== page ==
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The last time the New York Knicks appeared to have any life on Sunday, there were five and a half minutes left in the second quarter. Sure, they were trailing 49-27, but Jalen Brunson had just taken handsy Indiana Pacers wing Aaron Nesmith off the dribble and made a lefty layup. For the first time in Game 4 of their second-round series, they'd scored on three consecutive possessions.

Immediately, though, the Pacers sprinted down the court. Tyrese Haliburton ran a side pick-and-roll and bounced a pocket pass to Andrew Nembhard. Myles Turner screened Obi Toppin open in the corner, and Nembhard set him up for a 3.

Brunson went at Nesmith again on the next possession, but his stepback 2, like many of his jumpers, was short. Indiana got the board and zoomed the other way, forcing Knicks big man Precious Achiuwa to pick up Haliburton. Haliburton pitched the ball to Turner, got it back and went into a "Spain" pick-and-roll. Achiuwa and Brunson got their wires crossed, and Nembhard wound up with a wide-open 3.

On the ESPN broadcast, analyst JJ Redick praised the Pacers for their spacing and movement. These are the type of plays that demoralized New York on Sunday, and they're the type plays that confused opposing teams all year long, allowing Indiana to score 120.5 points per 100 possessions, the second-most efficient offensive season NBA history. 

During the regular season, and especially as the Pacers advanced to the inaugural In-Season Tournament championship game, it became clear that Indiana was the type of team that could beat anybody. The Pacers run hard, run off makes and run their halfcourt offense with a particular urgency. Everything that they do is designed to create confusion, and they capitalize on the smallest mistakes. Even when their defense was absolutely atrocious, which it was for months, they were the last team you'd want to face if you were at the end of a road trip or on a back-to-back. And Sunday's 121-89 shellacking of the Knicks, dubbed the "Mother's Day massacre" by announcer Mike Breen, showed that they're also the last team you want to face if you're depleted and exhausted.

It was already apparent, based on how New York fell apart down the stretch in Game 3 on Friday, that Tom Thibodeau's "Toughness Express" might be breaking down. The Knicks, who have been compensating for the absence of All-Star forward Julius Randle since late January, ruled out forward Bojan Bogdanovic for the season during the first round and center Mitchell Robinson after the series opener. They managed to overcome Brunson hurting his foot and OG Anunoby straining his hamstring in Game 2, but, at a certain point, the injuries -- and the heavy minutes that the starters have been playing -- must catch up. Anunoby hasn't played since then, and Brunson followed up his 26-points-on-26-shots performance in Game 3 with 18 points on 6-for-17 shooting on Sunday.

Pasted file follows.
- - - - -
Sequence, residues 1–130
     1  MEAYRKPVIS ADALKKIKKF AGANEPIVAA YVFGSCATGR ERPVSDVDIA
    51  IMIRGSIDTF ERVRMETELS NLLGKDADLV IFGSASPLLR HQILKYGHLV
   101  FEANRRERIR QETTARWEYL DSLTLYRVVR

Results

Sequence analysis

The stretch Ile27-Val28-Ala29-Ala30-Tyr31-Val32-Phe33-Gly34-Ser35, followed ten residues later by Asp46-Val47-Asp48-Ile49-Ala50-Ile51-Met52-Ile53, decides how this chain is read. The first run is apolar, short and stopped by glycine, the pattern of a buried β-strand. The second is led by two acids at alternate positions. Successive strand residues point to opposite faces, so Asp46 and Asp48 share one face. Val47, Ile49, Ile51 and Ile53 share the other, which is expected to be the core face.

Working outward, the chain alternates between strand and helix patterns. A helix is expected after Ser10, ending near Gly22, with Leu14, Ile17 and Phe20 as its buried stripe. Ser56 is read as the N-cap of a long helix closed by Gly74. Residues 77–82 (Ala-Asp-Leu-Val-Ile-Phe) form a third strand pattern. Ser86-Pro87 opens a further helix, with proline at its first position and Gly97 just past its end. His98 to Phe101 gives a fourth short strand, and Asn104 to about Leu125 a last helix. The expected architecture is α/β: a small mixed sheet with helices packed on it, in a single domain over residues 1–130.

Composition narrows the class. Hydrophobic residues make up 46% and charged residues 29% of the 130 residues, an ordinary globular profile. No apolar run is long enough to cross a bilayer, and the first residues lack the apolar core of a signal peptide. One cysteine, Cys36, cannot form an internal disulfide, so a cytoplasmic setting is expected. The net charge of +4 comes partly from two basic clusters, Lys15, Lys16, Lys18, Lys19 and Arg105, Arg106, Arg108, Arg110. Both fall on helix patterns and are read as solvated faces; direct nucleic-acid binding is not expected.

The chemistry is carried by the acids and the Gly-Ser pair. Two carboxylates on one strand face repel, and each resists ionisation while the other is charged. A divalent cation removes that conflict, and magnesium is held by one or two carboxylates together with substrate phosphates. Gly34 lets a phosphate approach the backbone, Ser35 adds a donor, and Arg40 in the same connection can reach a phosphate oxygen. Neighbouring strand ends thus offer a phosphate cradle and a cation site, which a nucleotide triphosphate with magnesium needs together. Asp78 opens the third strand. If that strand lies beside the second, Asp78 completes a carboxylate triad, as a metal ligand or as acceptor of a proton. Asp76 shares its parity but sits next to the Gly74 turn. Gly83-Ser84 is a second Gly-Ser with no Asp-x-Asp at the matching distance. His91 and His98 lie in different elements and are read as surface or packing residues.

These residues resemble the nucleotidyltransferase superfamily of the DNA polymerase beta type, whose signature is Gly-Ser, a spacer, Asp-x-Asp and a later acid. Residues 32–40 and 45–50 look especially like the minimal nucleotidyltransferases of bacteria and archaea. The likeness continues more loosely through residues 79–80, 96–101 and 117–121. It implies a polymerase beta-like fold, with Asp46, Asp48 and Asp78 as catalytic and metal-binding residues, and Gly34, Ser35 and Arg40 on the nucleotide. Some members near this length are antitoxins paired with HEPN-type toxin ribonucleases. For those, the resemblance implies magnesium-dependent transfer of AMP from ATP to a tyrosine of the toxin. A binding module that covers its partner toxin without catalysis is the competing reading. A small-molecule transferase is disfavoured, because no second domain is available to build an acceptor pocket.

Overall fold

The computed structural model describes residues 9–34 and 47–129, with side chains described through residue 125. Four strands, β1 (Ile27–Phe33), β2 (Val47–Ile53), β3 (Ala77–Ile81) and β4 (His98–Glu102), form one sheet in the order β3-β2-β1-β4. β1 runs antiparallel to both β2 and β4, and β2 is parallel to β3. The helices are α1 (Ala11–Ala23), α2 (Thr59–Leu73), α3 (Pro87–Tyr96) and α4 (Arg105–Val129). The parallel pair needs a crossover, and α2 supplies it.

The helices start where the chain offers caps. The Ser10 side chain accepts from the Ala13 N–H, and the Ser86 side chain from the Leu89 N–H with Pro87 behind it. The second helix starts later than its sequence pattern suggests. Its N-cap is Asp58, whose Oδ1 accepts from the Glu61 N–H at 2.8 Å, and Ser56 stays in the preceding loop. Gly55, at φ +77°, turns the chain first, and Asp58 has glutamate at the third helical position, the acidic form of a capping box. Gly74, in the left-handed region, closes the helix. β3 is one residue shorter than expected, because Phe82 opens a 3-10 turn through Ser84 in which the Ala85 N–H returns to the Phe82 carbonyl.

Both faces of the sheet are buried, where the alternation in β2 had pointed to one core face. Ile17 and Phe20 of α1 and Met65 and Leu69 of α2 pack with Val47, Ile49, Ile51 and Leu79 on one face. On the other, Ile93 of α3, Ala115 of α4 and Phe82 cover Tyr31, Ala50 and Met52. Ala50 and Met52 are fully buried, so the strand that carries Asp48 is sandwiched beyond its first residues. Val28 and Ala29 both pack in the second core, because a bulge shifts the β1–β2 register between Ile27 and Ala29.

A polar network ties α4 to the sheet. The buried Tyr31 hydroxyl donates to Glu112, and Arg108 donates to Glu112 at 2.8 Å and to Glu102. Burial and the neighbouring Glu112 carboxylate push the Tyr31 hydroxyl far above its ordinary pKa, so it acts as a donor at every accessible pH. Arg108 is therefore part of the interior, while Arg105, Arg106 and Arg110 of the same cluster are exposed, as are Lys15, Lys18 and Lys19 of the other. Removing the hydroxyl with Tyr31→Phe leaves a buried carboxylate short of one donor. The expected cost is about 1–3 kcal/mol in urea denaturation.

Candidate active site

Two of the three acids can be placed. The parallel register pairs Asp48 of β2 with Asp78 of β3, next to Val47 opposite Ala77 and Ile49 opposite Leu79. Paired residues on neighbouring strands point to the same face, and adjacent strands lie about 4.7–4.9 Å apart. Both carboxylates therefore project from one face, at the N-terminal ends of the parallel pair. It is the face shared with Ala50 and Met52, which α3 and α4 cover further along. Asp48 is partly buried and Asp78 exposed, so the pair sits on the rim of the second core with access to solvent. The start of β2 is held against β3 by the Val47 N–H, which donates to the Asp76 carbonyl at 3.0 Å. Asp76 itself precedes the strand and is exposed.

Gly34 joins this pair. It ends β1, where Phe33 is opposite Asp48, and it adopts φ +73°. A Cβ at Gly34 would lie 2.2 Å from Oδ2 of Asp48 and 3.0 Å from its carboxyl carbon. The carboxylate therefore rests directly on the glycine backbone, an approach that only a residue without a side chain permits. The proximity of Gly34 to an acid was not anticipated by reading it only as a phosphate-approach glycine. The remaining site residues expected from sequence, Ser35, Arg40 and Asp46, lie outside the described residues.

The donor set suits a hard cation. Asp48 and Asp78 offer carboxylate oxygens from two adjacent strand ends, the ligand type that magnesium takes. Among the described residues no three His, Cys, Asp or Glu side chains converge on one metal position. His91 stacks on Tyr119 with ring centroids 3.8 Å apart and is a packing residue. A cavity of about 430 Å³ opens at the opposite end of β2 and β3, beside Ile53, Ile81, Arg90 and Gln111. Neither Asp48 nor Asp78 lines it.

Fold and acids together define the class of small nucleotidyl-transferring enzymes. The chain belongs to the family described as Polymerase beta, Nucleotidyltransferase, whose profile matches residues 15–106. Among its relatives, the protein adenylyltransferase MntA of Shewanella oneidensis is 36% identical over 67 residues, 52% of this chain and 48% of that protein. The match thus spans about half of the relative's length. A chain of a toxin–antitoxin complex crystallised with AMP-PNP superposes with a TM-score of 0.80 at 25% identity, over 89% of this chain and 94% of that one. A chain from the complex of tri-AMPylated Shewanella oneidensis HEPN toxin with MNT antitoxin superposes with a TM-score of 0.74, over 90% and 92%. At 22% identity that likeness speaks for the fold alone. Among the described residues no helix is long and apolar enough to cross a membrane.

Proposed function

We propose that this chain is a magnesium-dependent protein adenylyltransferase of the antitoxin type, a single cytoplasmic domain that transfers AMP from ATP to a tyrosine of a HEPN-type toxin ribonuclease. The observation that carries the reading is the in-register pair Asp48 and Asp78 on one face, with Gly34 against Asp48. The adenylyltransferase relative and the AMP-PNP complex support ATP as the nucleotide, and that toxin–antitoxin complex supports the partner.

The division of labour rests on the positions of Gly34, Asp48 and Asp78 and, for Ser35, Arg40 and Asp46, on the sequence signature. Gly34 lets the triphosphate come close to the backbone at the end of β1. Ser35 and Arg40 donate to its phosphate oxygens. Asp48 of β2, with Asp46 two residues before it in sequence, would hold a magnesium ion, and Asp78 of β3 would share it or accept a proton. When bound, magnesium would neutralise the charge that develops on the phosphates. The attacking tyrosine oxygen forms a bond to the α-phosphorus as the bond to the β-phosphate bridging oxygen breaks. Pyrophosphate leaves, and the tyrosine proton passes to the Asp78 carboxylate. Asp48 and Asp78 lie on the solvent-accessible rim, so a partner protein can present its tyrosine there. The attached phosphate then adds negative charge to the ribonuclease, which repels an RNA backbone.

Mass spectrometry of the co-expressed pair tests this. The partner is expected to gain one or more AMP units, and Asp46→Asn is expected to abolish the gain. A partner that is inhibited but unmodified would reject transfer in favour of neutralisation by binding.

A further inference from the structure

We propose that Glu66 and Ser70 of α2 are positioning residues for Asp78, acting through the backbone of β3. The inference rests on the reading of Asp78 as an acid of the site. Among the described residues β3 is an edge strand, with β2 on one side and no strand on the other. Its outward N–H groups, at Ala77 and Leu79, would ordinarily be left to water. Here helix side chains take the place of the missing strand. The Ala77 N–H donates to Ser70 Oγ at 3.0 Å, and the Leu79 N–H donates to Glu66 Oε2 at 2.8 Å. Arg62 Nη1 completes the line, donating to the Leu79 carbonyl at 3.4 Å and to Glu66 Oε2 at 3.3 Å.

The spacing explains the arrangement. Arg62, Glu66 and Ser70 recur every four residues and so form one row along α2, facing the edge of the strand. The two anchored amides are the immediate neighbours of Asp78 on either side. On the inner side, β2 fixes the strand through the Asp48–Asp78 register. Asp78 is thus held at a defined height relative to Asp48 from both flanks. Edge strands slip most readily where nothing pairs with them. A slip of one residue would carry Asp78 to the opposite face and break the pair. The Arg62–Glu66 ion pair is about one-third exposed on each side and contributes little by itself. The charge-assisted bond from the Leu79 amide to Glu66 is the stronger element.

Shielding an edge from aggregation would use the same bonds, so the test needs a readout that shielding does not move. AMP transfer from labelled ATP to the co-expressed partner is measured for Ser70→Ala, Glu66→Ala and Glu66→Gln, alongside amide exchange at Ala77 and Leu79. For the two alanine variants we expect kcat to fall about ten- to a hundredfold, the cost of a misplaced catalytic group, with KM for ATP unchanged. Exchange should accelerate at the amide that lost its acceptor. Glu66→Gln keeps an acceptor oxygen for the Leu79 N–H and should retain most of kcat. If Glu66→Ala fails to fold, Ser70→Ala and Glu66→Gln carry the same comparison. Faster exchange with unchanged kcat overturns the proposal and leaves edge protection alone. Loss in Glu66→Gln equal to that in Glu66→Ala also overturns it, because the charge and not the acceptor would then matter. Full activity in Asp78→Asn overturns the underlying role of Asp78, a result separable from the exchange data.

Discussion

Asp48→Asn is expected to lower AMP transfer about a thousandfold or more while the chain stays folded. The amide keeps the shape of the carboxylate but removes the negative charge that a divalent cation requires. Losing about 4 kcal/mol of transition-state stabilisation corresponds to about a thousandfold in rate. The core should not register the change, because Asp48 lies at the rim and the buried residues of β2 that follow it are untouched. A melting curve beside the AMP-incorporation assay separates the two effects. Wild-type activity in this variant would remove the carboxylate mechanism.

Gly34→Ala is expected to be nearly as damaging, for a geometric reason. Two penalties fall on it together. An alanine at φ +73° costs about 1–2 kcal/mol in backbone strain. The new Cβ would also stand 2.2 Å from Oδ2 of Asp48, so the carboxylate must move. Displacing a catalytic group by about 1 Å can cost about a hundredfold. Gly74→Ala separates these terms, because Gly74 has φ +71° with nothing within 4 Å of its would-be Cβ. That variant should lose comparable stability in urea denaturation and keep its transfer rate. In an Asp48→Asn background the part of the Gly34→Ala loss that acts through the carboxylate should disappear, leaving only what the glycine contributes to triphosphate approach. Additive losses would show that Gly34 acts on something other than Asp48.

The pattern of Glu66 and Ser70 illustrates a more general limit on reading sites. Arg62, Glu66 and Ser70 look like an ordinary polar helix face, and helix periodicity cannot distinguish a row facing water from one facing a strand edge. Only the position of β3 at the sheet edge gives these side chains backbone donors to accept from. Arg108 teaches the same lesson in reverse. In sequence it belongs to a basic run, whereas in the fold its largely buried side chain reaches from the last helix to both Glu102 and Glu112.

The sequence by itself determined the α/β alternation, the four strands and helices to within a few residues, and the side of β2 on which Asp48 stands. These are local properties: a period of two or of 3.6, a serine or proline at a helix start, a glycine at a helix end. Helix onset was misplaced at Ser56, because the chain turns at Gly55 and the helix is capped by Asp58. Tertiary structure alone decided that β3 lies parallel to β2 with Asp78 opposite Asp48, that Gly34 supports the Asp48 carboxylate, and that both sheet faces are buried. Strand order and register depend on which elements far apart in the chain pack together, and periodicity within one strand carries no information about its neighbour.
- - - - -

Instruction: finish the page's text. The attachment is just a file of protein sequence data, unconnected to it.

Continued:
"I thought we were slow to the ball," Thibodeau told reporters postgame. "And usually, we're very quick to the ball. So that's the biggest thing."

Indiana started the game on a 34-11 run. A couple of minutes into the second quarter, the Pacers' 19 bench points equaled New York's total points. Thibodeau called Haliburton (20 points, 8-for-15 shooting, five assists, six rebounds, zero turnovers) "an offense unto himself," a phrase he has used multiple times in the past week, but said that "a compilation of things" make the Pacers dangerous, including the playmaking of jitterbug T.J. McConnell, who finished with 15 points, 10 assists and two steals in 21 minutes.

Haliburton told reporters that "there's not many people in the NBA" better at bringing energy than McConnell.

"At times he might look at me like, 'Oh, you got it,'" Haliburton said. "I want him to run, so I can kick it ahead, so he can get downhill. But his energy is just contagious and everybody just flows off of that."

McConnell was the most aggressive player on the floor on Sunday. When Indiana ran its "Spain" pick-and-roll late in the first quarter, and Donte DiVincenzo switched onto him, it looked as if New York had the play contained ... until he spun around, drove right and then finished with his left hand before any help defenders could react:

Halfway through the third, McConnell's spin move struck again. This is a lot for Brunson to handle, on top of everything he has to do on offense: 

Following the blowout victory, Pacers coach Rick Carlisle said that New York "has an indomitable will to compete and rise above anything people say they can't do," refusing to entertain that notion that they'd tired the Knicks out. Last week, though, Haliburton said that they were aware of the minutes their opponents were logging, they felt they were the "deepest team in the league" and they were "trying to wear on these guys as much as we can for a seven-game series." Whether or not Indiana is being intentional about putting this kind of pressure on New York, though, is immaterial. The Pacers were the league's fastest team this season. This is who they are.

If there is a silver lining for the Knicks, it's that, since the game was so one-sided, Brunson played only 31 minutes and Josh Hart, against all odds, played only 24. This is by no means how they wanted to get extra rest before the series shifts back to Madison Square Garden on Tuesday, but, the way things played out in Indiana, maybe it's what they needed. Indiana surely isn't about to slow down.